Some retailers give their customers the stink-eye, or charge more to install parts that they did not purchase in-store. We prefer to assist our customers with the same level of service in any scenario and hope they value this service enough to make the purchase through us. At the very least they are going to come back when they need something they cannot purchase online for less.
We also try to carry a compelling selection of apparel and accessories that are not readily available through online channels. Smaller manufacturers, local goods, shop branded apparel.
Many of the bike manufacturers, recognizing the value in brick and mortar shops, do not allow their bikes to be sold online. But this seems to be going to the way side as many smaller manufacturers feel they need to sell online to compete and to broaden their audience beyond the areas where they have a shop that represents their brand, and some of the biggest players in the game are starting online programs. We’ll see how this plays out. At times I personally have a hard time seeing the light. It seems inevitable that more and more manufacturers are going to offering their bikes online. And customers are growing more and more accustomed to purchasing from home with a click of a button.
For now, we seem to be selling plenty of bikes. Luckily for us, bikes need repairs and you can’t buy a tune-up online. . . yet.
What investments have you made in the business to modernise and stay ahead of the curve of consumer demands?
Well, we’ve only been open for 4.5 years. Back to online retail, to compete customers now need their brick and mortar experience to be just that, an experience. Our beautiful layout is impressive and comfortable at the same time. Lighting is a bigger deal than most shops realize. The environment as a whole has to pull people in and make them look forward to coming back. That excitement you get when heading to somewhere you love like a restaurant, or a river. We want people to feel that when they are headed to Huckleberry. It’s a tall order, but that’s the idea.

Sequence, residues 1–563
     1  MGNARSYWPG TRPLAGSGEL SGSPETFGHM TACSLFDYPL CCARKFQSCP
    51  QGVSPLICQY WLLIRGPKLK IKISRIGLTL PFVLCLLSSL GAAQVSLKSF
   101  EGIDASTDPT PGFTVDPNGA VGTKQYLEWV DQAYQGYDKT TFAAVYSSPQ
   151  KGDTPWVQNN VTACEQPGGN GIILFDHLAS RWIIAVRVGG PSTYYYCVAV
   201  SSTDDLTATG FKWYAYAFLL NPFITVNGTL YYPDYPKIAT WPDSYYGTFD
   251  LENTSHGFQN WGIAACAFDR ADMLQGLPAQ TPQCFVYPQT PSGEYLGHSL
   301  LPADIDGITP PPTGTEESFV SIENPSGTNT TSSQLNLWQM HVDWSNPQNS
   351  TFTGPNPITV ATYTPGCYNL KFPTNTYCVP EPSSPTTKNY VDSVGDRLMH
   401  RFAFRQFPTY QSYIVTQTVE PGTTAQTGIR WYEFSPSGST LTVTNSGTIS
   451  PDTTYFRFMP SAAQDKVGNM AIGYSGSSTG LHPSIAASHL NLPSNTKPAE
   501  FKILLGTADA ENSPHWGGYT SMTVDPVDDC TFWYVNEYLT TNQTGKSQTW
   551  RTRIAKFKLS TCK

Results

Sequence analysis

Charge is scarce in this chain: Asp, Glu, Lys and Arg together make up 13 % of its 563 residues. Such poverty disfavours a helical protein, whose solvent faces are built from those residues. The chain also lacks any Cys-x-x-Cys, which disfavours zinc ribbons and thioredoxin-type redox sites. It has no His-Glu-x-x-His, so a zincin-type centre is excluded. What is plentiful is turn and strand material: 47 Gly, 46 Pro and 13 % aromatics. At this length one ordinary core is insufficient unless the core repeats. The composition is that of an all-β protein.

We invested in locally constructed hickory fixtures, restoring the original oak top-nail flooring from the theatre that originally occupied the building. Whether people focus on these details or not they can feel it.
There are no particle board, slat-wall, or vinyl banners in our store. These things look like sh%#. That’s an opinion call, but I’m making it.
Thoughtful details like our record player and music collection set us apart. Definitely an expense to think about and a time suck having to change records every 20-30 minutes, but it is a psuedo-calculated trade-off. Our original Nintendo, set up for people waiting on repairs and for uninterested significant others, gets us more props than we imagined. Instead of standing in a cold shop and looking pissed while they wait, people are stoked to hang out and play Tetris. The shop Tetris score record is 558,102 by our very own Keven Bricknell.
The brands that you carry seem to cater largely for the enthusiast. What’s your average sale price and do you feel the average customer is spending more per visit than the once were?